“This is one of the biggest eye-openers of my life,” says Rebecca Burke, a New Jersey activist on the call. “Once you see it, you can’t look back.” 

This ragtag group—former teachers, small business owners, social workers— wants to charter state and local banks across the country. These banks would leverage tax revenue to make low-interest loans for local public works projects, small businesses, affordable housing and student loans, spurring economic growth while saving people—and the government—money. 

At the heart of the public banking concept is a theory about the best way to put America’s abundance of wealth to use. Cities and states typically keep their cash reserves either in Wall Street banks or in low-risk investments. This money tends not to go very far. In California, for example, the Pooled Money Investment Account, an agglomeration of $69.5 billion in state and local revenues, has a modest monthly yield of around three-quarters of a percent. 

When state or local governments fund large-scale projects not covered by taxes, they generally either borrow from the bond market at high interest rates or enter into a public-private partnership with investors, who often don’t have community needs at heart. 

Wall Street banks have used shady financial instruments to extract billions from unsuspecting localities, helping devastate places like Jefferson County, Ala. Making the wrong bet with debt, like the Kentucky county that built a jail but couldn’t fill it with prisoners, can cripple communities. 

Even under the best conditions, municipal bonds—an enormous, $3.8 trillion market—can cost taxpayers. According to Ellen Brown, the intellectual godmother of the public banking movement, debt-based financing often accounts for around half the total cost of an infrastructure project. For example, the eastern span of the San Francisco-Oakland Bay Bridge cost $6.3 billion to build, but paying off the bonds will bring the price tag closer to $13 billion, according to a 2014 report from the California legislature.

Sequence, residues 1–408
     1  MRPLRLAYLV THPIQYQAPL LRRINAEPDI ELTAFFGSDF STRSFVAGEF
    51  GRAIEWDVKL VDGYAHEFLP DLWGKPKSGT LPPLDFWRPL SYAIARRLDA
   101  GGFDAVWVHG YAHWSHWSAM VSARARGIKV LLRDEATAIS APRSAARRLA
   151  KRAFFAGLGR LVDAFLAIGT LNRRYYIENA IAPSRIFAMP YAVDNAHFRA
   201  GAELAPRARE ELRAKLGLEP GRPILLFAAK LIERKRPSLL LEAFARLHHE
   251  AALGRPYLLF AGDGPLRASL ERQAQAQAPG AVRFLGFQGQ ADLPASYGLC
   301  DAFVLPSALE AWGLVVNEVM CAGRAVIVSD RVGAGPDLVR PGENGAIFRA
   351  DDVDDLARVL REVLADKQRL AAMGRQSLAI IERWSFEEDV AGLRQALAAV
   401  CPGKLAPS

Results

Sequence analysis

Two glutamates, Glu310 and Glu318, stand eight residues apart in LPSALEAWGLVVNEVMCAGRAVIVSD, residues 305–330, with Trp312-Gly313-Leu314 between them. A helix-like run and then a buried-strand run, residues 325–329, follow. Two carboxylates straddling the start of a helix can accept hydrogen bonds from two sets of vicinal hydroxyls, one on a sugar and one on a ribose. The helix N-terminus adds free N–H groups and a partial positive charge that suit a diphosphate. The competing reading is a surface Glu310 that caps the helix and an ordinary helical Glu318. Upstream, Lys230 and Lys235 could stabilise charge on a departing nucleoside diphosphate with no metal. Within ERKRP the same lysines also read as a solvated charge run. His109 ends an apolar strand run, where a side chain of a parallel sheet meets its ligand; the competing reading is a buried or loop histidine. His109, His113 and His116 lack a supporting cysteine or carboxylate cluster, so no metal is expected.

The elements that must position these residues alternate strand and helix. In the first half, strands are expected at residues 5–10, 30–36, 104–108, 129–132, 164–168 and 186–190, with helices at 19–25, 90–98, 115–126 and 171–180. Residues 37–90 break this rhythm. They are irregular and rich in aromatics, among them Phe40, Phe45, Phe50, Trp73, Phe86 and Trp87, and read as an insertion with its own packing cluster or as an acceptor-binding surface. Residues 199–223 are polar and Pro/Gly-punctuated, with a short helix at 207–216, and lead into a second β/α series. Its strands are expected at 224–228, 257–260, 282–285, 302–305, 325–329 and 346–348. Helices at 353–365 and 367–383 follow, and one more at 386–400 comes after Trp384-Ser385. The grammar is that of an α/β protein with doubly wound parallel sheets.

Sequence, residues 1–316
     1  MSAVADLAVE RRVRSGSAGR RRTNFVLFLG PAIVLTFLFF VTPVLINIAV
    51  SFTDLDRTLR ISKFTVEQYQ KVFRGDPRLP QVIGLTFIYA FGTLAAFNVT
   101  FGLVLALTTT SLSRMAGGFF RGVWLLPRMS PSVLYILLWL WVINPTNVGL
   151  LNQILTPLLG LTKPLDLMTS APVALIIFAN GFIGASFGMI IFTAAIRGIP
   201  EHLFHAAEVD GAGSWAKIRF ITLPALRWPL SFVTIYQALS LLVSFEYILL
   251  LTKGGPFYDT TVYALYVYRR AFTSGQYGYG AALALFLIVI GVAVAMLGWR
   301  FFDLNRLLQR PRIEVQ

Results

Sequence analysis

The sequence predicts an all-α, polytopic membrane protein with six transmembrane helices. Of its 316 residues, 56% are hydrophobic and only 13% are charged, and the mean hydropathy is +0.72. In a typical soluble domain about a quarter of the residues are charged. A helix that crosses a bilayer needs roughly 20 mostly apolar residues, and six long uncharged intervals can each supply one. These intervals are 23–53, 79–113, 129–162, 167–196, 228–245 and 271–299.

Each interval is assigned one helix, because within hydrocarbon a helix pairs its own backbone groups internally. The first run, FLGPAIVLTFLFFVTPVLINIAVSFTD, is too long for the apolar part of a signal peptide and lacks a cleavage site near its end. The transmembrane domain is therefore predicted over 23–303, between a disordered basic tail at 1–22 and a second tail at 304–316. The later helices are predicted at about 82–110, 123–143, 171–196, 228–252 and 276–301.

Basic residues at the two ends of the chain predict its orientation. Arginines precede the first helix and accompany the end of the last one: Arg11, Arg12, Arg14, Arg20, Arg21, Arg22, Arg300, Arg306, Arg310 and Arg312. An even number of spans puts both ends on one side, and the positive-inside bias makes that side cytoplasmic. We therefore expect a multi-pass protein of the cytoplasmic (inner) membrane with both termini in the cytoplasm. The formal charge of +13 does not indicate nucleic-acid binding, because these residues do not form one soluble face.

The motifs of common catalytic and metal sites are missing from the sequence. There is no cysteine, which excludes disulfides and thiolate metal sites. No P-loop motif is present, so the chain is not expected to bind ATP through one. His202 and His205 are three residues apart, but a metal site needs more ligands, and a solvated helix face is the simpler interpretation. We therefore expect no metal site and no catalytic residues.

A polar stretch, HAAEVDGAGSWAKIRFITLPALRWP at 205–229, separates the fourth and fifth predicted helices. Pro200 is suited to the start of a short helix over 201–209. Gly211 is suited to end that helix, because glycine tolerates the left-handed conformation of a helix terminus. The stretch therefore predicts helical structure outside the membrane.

Public banks reduce costs in two ways. First, they can offer lower interest rates and fees because they’re not for-profit businesses trying to maximize returns. Second, because the banks are publicly owned, any profit flows back to the city or state, virtually eliminating financing costs and providing governments with extra revenue at no cost to taxpayers. 

The Revolution in Work Calls for an Evolution in Living

By Graham Peebles - CounterPunch, March 17, 2017

Poverty blights the lives of billions of people throughout the world: in developing countries, where it is acute, and industrialised nations, where it’s hidden but growing. It rises out of social injustice, makes exploitation and abuse inevitable, brings death and disease, robs people of opportunity and dignity, feeds anger and resentment.

Much like the rubbish that litters the streets of our cities, the poor, destitute and hungry are swept out of sight. Their existence is an embarrassment to politicians and sits uncomfortably within the shiny materialistic image promoted by cities and countries eager to attract ‘inward investment’.

As more jobs become obsolete due to new technology and the closure of traditional industries, unemployment is set to rise, incomes disappear, and, unless there is a radical reappraisal of the economic environment, poverty levels will rise, perhaps exponentially. In fact, with wages stagnant many of those now living in poverty are actually in work – the ‘working poor’ – trying to survive on a pittance, many of whom cannot feed themselves without the support of food banks.

DAPL Doesn’t Make Economic Sense

By Mark Paul - Dollars and Sense, February 2017